"So my posture on all this is we should try to get it done as best we can and in accordance with whatever safety requirements," he said. "But you know, his government will be talking about the safety restrictions, the president's government, so if he's going to do a convention obviously he's gonna want to abide by whatever they're saying. So if we can get that done and do it in a way that's safe, that would be a huge economic impact for the state of Florida."
North Carolina's Department of Health and Human Services Secretary, Mandy Cohen, has sent a letter to Republican National Convention CEO Marcia Lee Kelly, requesting "a written plan" for how to "approach the COVID-19 safety aspects of the convention."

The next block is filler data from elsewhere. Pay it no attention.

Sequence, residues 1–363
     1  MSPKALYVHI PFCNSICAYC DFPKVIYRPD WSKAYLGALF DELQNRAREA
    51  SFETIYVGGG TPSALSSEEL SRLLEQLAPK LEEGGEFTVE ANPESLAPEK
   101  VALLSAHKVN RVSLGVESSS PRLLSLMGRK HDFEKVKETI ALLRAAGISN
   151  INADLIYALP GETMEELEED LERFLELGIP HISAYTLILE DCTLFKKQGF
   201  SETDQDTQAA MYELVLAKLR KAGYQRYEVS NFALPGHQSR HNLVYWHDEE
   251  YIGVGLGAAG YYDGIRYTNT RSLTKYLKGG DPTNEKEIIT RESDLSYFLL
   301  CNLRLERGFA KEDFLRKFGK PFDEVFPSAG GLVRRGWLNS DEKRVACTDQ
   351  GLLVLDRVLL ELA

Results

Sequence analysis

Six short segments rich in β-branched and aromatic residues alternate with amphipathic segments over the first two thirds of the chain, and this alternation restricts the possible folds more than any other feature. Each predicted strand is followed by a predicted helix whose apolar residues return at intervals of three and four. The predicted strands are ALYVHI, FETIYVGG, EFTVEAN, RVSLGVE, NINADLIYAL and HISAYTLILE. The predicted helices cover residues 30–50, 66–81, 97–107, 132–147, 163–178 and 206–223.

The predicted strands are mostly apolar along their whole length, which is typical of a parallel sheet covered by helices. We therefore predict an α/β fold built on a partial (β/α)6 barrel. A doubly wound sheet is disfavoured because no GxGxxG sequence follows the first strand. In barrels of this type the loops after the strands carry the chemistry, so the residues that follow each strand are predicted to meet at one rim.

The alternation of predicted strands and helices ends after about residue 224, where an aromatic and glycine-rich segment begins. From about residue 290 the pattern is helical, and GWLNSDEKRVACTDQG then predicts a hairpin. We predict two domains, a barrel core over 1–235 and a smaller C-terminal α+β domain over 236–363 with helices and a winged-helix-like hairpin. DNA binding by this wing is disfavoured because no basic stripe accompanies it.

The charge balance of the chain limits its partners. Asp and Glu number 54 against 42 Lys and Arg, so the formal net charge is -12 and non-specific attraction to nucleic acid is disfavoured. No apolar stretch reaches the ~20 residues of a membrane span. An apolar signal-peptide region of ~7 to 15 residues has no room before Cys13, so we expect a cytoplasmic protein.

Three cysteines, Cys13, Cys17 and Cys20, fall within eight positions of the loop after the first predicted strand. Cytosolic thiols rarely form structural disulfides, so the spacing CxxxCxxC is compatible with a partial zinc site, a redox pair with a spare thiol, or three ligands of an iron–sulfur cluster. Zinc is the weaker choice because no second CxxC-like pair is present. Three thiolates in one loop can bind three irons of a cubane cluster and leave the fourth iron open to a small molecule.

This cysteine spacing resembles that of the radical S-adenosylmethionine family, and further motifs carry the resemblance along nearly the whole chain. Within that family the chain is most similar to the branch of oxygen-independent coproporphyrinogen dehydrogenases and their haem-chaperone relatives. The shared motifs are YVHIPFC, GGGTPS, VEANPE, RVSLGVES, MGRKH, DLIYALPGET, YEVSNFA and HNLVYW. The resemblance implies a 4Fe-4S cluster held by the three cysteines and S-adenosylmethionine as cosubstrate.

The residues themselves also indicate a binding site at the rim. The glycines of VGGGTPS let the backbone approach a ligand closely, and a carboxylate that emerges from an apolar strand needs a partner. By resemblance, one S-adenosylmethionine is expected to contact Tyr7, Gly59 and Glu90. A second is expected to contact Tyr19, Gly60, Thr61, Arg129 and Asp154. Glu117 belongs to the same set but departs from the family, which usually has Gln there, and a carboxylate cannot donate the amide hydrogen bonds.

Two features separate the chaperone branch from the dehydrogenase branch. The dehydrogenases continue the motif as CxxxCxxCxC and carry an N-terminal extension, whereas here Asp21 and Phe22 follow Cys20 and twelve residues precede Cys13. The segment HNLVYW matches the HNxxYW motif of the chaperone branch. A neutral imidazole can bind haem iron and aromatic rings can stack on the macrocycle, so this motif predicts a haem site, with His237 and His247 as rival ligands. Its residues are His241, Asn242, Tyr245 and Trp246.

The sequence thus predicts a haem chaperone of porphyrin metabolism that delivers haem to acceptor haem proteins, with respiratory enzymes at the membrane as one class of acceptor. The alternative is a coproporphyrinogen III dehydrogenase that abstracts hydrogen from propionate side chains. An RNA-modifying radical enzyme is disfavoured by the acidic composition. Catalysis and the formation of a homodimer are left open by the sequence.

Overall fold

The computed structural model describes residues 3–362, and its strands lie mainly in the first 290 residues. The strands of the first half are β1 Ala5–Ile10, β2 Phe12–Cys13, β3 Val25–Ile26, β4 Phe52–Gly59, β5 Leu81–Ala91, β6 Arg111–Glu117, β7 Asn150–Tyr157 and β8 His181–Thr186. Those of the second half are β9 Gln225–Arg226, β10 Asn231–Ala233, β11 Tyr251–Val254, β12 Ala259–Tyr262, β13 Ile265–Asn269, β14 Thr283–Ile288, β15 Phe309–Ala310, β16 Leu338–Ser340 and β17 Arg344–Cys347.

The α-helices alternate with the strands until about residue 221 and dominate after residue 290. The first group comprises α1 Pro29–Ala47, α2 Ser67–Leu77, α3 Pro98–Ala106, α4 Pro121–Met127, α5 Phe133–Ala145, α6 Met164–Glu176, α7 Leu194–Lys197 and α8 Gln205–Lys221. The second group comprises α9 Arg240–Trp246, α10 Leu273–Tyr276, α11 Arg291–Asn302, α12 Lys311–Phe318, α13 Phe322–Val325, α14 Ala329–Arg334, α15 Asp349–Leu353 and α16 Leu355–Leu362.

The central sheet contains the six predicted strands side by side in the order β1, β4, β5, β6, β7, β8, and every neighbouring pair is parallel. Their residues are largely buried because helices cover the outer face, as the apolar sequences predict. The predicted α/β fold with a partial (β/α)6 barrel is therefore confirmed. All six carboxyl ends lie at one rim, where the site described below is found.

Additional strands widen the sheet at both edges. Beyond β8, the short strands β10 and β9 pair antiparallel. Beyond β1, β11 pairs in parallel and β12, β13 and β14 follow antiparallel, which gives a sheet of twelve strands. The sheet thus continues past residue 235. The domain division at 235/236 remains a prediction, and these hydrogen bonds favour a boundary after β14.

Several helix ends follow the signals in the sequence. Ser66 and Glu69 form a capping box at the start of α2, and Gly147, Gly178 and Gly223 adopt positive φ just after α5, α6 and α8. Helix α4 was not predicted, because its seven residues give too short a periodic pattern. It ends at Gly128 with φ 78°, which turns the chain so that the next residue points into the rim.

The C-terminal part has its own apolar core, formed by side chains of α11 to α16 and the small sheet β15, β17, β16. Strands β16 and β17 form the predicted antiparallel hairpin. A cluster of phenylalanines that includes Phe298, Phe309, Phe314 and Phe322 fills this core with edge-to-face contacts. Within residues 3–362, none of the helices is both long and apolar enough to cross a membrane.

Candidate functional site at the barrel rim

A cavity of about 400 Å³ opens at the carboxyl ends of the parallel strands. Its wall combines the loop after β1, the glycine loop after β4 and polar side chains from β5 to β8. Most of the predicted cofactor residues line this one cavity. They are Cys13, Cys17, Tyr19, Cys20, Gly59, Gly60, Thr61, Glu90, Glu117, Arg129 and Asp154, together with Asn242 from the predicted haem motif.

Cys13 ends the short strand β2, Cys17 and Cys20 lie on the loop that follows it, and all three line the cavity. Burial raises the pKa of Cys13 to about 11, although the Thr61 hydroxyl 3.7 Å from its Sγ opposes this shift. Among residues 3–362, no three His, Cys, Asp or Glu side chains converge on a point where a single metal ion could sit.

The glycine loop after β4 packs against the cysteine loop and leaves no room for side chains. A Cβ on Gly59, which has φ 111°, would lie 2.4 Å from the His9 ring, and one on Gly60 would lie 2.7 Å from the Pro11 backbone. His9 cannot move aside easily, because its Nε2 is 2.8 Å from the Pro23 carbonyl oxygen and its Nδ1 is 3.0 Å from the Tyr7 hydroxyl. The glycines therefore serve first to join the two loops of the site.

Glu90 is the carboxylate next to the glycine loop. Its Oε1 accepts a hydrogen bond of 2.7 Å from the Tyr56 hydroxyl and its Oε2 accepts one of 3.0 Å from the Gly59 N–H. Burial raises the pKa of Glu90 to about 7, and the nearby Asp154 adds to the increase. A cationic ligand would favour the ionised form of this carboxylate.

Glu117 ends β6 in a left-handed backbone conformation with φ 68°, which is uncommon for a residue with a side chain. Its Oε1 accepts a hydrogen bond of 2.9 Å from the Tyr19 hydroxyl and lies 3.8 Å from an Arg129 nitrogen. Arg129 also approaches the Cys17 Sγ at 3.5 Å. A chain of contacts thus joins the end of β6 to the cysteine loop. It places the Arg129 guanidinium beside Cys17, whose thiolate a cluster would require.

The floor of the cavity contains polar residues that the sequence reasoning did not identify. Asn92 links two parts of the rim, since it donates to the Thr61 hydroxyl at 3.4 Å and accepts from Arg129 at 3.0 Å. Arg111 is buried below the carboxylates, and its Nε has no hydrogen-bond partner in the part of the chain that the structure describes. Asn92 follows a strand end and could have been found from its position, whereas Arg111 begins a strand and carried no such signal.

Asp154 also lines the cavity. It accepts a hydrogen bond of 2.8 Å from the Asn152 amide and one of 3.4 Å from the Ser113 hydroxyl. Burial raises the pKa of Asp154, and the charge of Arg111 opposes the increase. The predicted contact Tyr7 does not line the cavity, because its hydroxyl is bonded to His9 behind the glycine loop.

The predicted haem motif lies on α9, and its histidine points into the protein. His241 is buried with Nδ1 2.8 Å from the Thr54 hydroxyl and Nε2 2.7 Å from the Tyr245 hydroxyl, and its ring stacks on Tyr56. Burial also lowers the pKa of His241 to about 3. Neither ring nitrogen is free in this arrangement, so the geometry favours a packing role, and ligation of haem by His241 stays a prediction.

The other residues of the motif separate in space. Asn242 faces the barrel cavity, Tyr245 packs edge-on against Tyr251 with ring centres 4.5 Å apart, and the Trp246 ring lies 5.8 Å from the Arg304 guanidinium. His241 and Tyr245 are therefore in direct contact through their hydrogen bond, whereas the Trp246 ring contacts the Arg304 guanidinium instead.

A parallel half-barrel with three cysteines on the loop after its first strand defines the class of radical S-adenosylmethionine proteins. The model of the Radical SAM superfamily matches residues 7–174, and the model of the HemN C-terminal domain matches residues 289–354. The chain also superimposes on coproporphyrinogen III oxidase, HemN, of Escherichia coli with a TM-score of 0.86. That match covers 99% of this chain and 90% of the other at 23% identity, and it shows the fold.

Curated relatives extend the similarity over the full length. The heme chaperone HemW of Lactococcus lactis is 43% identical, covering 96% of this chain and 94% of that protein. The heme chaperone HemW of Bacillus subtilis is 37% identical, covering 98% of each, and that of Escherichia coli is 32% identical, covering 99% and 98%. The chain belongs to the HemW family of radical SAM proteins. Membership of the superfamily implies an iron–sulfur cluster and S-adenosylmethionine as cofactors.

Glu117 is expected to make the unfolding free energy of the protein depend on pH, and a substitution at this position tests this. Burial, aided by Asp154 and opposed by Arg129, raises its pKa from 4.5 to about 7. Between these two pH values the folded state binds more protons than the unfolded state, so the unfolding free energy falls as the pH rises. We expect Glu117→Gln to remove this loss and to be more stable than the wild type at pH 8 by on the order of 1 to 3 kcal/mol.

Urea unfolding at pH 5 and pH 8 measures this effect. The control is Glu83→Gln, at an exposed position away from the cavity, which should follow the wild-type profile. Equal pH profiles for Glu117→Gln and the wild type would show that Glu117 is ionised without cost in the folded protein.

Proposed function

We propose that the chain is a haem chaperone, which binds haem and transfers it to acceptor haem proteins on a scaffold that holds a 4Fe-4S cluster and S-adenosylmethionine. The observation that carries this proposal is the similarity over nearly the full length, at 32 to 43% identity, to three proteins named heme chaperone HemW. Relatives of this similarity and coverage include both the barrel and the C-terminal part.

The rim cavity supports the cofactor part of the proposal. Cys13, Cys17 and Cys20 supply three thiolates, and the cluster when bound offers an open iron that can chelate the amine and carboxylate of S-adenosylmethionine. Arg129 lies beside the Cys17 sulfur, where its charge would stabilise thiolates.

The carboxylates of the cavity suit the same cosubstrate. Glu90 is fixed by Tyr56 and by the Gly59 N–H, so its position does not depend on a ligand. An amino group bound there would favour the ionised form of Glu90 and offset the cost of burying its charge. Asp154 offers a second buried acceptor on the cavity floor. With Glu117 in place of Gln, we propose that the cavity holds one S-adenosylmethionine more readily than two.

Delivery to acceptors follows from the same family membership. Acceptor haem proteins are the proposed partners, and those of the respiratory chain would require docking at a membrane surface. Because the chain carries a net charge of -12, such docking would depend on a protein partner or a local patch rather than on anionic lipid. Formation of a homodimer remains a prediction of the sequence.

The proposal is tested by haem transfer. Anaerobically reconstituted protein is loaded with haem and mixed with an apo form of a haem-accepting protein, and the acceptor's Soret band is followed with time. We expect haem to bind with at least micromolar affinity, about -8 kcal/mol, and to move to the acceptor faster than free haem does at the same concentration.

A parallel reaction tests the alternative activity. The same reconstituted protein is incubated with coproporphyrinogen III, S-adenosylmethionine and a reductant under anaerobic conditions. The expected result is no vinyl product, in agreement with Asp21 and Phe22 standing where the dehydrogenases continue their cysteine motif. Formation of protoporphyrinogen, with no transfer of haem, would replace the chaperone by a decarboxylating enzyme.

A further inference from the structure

The letter -- obtained by ABC Raleigh station WTVD -- comes in response to the president's tweet on Monday, and confirms that the RNC and state officials in North Carolina were in talks about convention planning as recently as Friday.
"We also discussed on Friday the need to plan for different levels of impact of COVID-19 so the RNC convention logistics could be tailored to the COVID-19 situation we find ourselves in at the end of August," Cohen wrote.
She urged the RNC to consider "several scenarios" as they continue to move forward with planning.
North Carolina Gov. Roy Cooper said Tuesday afternoon, "it's OK for political conventions to be political, but pandemic response cannot be. Already, we've been in talks with the RNC about the kind of convention that they would need to run and the kind of options that we need on the table."
"We have asked the RNC to present to us in writing their proposal," Cooper said. "We asked NASCAR to do the very same thing, and NASCAR did a good job this weekend of executing their plan of face coverings, of social distancing, signage, cleaning."